Author Topic: Crop Rotation – Growing Methods for Gardeners  (Read 43 times)

Marie Shallcross

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Crop Rotation – Growing Methods for Gardeners
« on: February 03, 2019, 06:12:27 pm »
Crop Rotation – Growing Methods for Gardeners


Crop Rotation: – what is it? Do you need to use it for the crops in your kitchen garden or vegetable patch? Or is it only relevant for farms and large estates?

In order to ascertain whether crop rotation is right for your productive plot, we first need to look at what it is. A whistle-stop tour to its historical background will help with the pros and ocns.

Britain and Europe in the Middle Ages

Crop Rotation is a phrase which you may have first heard during a history lesson at school.
It is a method of cultivation used to improve soil fertility and plant health and therefore crop yields. Crops are grouped and grown according to their family.

The Medieval field system worked on a 3-course system of rotation. By Medieval, I’m referring to the approximate period 900 – 1400. Open fields were farmed as strips rather than whole fields. In other words, each tenant (freeholder or villein) had a certain acreage of land, but it was split up among different parts of the larger fields.


3-course Crop Rotation

           Field 1                   Field 2                   Field 3
Year 1   wheat or oats           field beans or peas     fallow
Year 2   field beans or peas   fallow                   wheat or oats
Year 3   fallow                   wheat or oats           field beans or peas

When left fallow in the third year for cattle and livestock were grazed on the field. The resultant manure helped improve the soil, as did the inclusion of peas and beans – a leguminous crop which helped fix nitrogen in the soil. Nitrogen is one of the three major plant nutrients.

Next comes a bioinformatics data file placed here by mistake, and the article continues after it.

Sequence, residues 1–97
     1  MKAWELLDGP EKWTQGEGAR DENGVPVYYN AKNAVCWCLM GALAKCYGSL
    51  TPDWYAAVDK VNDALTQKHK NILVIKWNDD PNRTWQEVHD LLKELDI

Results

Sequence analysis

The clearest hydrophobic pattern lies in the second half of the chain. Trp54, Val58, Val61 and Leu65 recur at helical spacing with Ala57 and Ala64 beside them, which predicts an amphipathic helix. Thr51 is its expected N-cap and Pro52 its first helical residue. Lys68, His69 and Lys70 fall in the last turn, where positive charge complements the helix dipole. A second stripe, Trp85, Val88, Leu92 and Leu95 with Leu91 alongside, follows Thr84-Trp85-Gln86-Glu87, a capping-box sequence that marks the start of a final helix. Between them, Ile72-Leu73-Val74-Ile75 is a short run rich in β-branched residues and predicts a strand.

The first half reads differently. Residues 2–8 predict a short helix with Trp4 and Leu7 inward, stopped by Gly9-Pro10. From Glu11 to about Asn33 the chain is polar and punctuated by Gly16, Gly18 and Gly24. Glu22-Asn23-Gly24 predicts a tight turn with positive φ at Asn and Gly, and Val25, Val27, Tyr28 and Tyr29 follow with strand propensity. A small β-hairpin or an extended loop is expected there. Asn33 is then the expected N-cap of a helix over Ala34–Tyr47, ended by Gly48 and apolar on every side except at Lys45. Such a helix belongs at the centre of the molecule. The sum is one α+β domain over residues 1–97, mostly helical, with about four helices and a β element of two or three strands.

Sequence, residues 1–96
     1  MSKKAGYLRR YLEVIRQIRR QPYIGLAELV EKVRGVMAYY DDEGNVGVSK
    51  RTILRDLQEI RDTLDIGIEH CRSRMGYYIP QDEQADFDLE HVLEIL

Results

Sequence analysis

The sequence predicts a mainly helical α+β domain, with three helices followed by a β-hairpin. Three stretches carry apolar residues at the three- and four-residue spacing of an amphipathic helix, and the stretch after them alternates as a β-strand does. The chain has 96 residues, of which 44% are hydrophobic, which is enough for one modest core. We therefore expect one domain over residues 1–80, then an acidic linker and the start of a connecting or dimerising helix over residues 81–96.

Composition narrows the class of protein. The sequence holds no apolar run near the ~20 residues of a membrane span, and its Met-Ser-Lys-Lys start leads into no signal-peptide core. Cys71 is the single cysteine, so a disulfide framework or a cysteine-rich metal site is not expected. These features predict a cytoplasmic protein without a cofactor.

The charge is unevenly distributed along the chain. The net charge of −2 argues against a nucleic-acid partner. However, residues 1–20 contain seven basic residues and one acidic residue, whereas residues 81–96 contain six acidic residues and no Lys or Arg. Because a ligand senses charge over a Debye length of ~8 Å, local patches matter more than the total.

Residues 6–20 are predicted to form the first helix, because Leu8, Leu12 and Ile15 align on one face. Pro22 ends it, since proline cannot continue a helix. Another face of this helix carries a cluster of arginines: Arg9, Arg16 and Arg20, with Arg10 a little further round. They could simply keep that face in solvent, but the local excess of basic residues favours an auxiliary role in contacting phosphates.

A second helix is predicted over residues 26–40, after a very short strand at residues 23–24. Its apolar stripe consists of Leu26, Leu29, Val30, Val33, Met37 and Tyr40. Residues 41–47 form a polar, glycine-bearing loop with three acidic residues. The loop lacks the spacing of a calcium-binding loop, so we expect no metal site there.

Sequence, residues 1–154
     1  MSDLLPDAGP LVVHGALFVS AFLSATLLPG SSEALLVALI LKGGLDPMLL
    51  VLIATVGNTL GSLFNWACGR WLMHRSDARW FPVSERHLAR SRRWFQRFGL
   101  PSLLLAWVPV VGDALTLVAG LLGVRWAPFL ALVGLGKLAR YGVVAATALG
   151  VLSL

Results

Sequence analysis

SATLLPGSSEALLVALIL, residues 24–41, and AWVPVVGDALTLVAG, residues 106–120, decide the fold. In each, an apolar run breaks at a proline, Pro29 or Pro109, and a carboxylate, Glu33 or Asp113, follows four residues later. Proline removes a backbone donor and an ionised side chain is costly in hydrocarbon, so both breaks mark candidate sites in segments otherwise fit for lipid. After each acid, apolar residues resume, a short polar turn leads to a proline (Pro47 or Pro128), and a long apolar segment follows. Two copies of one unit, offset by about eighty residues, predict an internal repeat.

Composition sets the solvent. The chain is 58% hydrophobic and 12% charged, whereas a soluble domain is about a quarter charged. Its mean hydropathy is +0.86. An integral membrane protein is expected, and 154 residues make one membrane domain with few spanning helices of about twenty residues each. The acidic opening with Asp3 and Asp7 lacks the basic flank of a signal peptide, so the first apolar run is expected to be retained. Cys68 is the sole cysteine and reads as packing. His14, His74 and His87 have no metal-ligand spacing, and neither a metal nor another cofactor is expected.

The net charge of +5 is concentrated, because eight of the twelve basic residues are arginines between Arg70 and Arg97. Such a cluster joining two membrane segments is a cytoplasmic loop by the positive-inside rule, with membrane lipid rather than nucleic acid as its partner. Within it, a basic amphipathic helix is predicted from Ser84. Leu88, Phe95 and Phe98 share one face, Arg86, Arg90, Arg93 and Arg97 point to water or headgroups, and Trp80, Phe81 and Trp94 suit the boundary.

Britain in the 18th Century

The farming and crop rotation breakthrough came in the early eighteenth century with the development of a 4-course rotation farming system. Viscount Townshend is credited with introducing this new method of crop rotation on his farms.

4-course Crop Rotation

           Field 1   Field 2   Field 3   Field 4
Year 1   Wheat   Clover   Oats or barley   Turnips
Year 2   Clover   Oats or barley   Turnips   Wheat
Year 3   Oats or barley   Turnips   Wheat   Clover
Year 4   Turnips    Wheat   Clover   Oats or barley

The benefits were mainly that animals could be grazed two years out of four, thereby increasing the fertility of the land.

Although a 4-course rotation farming system had been pioneered in sixteenth century Belgium, it was the take up of the system by the British combined with other agricultural related inventions and processes that led to the Agrarian Revolution. It is generally accepted that the Agrarian, or Agricultural, Revolution in Britain began a fundamental change which formed the driving force that became the Industrial Revolution of the nineteenth century.